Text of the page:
Live Update: Russia’s “Special Operation” In Ukraine; Day 573

Zelensky arrives in New York in advance of UN appearance

President Volodymyr Zelensky says he has arrived in New York in advance of his appearance at the United Nations General Assembly and meetings in Washington, DC.

In a post on Telegram, the Ukrainian president stated he has already visited Ukrainian servicemen being treated for war injuries in the United States.

He added his schedule included talks with US President Joe Biden, members of Congress and military and business officials.

Ukraine commander hails recent gains in the east but says overall situation in area “remains difficult”

Ukraine’s Commander of Land Forces, Oleksandr Syrskyi, released a video hailing the soldiers who recaptured the villages of Klishchiivka and Andriivka near the embattled eastern city of Bakhmut, saying their advance had succeeded in breaking a Russian defensive line.

“I am on the front line with our soldiers who are holding the line and continuing to move forward. I thanked them for their steady advance and the liberation of Klishchiivka and Andriivka from the occupiers,” Syrskyi stated in a video posted on Telegram on Monday.

“As a result of the successful actions of our troops, the enemy’s defense line was broken, which it tried to close by throwing all available reserves into the battle,” Syrskyi wrote on Telegram in a separate post, adding that Russian forces had not given up trying to recapture the lost territory, conducting “numerous counterattacks from different directions.”

He cautioned more widely that the “overall situation in the eastern sector remains difficult.”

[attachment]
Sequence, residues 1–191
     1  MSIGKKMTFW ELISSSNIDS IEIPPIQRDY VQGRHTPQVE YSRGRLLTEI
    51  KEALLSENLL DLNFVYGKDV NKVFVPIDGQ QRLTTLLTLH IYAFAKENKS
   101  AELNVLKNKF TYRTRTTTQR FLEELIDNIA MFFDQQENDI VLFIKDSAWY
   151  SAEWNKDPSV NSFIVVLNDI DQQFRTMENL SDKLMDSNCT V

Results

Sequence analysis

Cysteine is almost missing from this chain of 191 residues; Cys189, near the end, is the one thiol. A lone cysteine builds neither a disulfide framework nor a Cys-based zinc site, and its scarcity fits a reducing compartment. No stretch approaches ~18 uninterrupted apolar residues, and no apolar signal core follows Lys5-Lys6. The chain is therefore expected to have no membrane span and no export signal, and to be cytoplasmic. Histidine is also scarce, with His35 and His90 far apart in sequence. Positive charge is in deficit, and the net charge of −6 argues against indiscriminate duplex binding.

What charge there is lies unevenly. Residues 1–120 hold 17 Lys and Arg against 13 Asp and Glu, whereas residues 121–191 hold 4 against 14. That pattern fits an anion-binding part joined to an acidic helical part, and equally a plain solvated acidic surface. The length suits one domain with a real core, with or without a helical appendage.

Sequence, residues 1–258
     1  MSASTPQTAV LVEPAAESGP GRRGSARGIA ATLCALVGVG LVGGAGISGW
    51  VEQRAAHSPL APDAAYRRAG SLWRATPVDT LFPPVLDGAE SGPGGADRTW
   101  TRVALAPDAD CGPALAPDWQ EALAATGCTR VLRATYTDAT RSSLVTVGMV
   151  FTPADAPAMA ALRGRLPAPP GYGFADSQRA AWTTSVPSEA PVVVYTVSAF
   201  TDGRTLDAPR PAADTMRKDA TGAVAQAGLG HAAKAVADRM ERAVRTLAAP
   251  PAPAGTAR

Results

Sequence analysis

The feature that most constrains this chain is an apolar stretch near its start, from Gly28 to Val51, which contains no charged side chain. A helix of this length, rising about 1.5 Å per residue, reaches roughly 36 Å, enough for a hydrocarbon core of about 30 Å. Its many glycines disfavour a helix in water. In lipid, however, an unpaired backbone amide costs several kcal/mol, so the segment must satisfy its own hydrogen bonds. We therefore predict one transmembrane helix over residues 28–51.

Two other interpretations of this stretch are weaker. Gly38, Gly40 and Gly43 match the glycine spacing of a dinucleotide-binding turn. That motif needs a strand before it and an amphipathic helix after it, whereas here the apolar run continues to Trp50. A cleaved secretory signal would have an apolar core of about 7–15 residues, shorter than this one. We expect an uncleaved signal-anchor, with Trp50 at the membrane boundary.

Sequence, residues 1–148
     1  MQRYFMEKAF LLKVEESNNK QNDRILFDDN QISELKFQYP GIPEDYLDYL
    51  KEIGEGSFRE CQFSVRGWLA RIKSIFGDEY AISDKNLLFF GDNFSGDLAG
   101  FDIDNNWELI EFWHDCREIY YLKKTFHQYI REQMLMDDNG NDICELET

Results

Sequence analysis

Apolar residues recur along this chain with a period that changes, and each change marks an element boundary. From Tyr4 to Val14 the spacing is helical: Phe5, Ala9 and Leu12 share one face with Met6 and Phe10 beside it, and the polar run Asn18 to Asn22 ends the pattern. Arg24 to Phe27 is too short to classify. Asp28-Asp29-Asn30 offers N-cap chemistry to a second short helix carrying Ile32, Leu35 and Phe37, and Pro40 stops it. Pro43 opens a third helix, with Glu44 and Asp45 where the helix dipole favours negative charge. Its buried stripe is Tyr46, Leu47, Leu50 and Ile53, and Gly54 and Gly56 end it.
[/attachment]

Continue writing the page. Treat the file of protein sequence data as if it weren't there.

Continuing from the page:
“The enemy does not abandon its intentions to resume offensive actions in the Kupiansk and Lyman directions,” he stated, referencing two towns both held by Russia for six months before being liberated by Ukraine almost exactly a year ago.

Moscow denounces EU travel restrictions on Russians as ‘absurd’

Moscow has denounced EU restrictions imposed on Russian citizens entering the bloc, including a ban on bringing some personal items, as “absurd” and aimed at harming ordinary Russians.

Moscow’s foreign ministry said the rules “go beyond the point of absurdity” and were aimed at “causing harm specifically to ordinary Russians and at making it impossible for Russian citizens to enter the European Union”.

It accused the bloc of trying to build a “new Iron Curtain” and warned Russians to weigh the “risks” before travelling there.

“The desperate desire of the current EU leadership to erect a new Iron Curtain in Europe is now completely obvious, limiting as much as possible the possibilities of communication between people,” it added.

Travel from Russia to the West has become far more difficult since Moscow launched its offensive on Ukraine.

Germany pledges more than $400 million additional aid to Ukraine – but no long-range Taurus missiles

Germany will provide Ukraine with an additional 400 million euros ($427 million) worth of weapons and aid, according to Defense Minister Boris Pistorius.

“We are supplying additional ammunition: explosive ammunition, mortar ammunition, mine rockets,” he said in an interview with prominent German newspaper BILD, published Monday.

“But we also have our eye on the approaching winter: We will send clothing, but also electricity and heat generators. In total, the package will be worth 400 million euros,” Pistorius added.